# Prediction Errors: Using ML For Measurement

1 Sep

Say you want to measure the how often people visit pornographic domains over some period. To measure that, you build a model to predict whether or not a domain hosts pornography. And let’s assume that for the chosen classification threshold, the False Positive rate (FP) is 10\% and the False Negative rate (FN) is 7\%. Here below, we discuss some of the concerns with using scores from such a model and discuss ways to address the issues.

Let’s get some notation out of the way. Let’s say that we have $n$ users and that we can iterate over them using $i$. Let’s denote the total number of unique domains—domains visited by any of the $n$ users at least once during the observation window—by $k$. And let’s use $j$ to iterate over the domains. Let’s denote the number of visits to domain $j$ by user $i$ by $c_{ij} = {0, 1, 2, ....}$. And let’s denote the total number of unique domains a person visits ($\sum (c_{ij} == 1)$) using $t_i$. Lastly, let’s denote predicted labels about whether or not each domain hosts pornography by $p$, so we have $p_1, ..., p_j, ... , p_k$.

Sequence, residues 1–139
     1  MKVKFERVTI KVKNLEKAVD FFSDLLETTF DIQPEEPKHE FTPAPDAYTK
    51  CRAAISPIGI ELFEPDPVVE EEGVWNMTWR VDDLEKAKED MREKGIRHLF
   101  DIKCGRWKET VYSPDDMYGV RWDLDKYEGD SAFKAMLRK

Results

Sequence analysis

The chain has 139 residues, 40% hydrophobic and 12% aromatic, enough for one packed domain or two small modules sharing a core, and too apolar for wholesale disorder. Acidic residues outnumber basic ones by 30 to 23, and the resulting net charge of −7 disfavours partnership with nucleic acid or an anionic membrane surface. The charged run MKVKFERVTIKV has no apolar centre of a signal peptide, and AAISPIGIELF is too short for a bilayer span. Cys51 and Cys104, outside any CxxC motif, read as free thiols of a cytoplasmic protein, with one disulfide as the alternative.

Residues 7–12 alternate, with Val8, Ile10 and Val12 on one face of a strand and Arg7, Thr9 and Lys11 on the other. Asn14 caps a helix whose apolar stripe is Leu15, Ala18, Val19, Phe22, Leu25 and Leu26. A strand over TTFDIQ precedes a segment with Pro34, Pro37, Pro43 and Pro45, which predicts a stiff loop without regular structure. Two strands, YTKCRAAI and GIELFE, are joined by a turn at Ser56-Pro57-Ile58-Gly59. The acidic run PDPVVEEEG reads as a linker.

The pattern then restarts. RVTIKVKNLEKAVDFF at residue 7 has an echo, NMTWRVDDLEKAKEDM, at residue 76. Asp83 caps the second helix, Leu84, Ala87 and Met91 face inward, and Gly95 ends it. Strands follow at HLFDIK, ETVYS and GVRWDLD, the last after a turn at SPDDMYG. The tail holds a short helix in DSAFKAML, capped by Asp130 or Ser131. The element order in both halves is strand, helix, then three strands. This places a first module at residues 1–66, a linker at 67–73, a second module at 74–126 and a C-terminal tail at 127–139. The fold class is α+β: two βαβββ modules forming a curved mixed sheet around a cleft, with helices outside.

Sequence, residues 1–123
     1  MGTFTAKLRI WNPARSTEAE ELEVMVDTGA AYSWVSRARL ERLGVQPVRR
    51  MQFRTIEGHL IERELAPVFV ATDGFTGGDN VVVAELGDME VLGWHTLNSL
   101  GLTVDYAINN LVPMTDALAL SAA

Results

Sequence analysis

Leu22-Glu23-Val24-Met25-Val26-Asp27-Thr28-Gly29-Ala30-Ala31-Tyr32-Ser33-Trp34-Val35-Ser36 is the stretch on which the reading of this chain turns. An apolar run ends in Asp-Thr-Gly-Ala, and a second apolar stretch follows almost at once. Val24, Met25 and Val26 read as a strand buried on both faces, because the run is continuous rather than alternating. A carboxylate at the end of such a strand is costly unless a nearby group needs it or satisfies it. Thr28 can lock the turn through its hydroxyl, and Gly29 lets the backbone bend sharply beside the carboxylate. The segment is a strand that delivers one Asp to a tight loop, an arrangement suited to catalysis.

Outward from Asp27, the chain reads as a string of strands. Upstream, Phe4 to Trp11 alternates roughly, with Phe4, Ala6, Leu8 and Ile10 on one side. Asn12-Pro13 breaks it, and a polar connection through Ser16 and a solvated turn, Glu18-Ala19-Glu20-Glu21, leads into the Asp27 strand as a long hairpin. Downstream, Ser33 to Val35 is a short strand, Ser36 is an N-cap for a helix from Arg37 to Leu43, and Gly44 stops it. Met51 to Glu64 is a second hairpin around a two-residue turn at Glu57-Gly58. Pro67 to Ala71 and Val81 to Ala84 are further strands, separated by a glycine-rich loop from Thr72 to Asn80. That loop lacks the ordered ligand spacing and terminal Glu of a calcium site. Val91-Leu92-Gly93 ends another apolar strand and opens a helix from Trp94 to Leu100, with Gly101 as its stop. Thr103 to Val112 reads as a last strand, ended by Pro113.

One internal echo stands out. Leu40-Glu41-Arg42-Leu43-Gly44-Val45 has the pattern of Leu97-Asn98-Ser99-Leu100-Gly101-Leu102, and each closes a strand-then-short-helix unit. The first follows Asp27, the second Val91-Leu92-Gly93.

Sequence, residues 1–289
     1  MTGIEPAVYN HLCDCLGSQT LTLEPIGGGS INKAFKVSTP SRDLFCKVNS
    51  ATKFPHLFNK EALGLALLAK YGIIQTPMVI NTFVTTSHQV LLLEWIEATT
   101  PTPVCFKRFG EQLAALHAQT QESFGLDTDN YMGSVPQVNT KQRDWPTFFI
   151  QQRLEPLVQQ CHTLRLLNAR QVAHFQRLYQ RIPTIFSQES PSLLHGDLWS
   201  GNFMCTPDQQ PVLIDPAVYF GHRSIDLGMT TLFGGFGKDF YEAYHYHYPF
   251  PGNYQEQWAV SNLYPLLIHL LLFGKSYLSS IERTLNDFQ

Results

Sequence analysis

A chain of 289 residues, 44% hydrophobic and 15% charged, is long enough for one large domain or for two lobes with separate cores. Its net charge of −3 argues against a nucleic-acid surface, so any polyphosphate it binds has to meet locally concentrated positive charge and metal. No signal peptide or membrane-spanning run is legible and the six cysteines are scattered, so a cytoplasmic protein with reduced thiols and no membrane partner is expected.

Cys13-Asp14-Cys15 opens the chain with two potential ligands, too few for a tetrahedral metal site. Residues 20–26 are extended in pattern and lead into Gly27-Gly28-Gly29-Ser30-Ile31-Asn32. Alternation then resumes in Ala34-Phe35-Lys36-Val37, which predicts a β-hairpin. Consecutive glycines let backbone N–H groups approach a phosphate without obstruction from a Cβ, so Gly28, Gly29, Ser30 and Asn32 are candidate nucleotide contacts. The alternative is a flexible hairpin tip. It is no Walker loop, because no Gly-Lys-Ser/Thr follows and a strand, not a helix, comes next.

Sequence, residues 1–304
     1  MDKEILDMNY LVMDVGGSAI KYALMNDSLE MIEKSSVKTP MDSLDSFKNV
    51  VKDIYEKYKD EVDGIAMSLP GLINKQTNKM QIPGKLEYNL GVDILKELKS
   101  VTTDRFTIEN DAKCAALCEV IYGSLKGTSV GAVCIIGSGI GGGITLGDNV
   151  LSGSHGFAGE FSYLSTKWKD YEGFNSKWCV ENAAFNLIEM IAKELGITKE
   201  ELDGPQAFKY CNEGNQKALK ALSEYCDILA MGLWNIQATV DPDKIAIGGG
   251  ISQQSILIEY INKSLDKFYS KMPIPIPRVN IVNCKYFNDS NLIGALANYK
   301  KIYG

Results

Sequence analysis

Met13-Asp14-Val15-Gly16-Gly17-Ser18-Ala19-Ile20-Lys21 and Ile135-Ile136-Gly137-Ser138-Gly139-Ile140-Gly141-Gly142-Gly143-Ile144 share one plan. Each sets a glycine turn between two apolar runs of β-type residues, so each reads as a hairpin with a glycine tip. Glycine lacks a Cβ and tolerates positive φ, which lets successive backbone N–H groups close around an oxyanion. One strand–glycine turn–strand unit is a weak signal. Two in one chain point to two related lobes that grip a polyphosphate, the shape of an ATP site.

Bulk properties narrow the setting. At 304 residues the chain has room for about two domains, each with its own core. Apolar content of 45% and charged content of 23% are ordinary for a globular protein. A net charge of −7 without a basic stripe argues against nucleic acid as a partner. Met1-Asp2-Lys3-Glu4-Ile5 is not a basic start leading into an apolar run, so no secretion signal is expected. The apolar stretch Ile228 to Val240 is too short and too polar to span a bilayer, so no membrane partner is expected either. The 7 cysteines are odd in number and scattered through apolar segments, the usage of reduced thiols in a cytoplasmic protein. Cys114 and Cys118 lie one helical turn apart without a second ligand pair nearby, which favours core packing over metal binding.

Let’s start with a simple point. Say there are 5 domains with $p$: ${1_1, 1_2, 1_3, 1_4, 1_5}$. Let’s say user one visits the first three sites once and let’s say that user two visits all five sites once. Given 10\% of the predictions are false positives, the total measurement error in user one’s score $= 3 * .10$ and the total measurement error in user two’s score $= 5 * .10$. The general point is that total false positives increase as a function of predicted $1s$. And the total number of false negative increase as the number of predicted $0s$.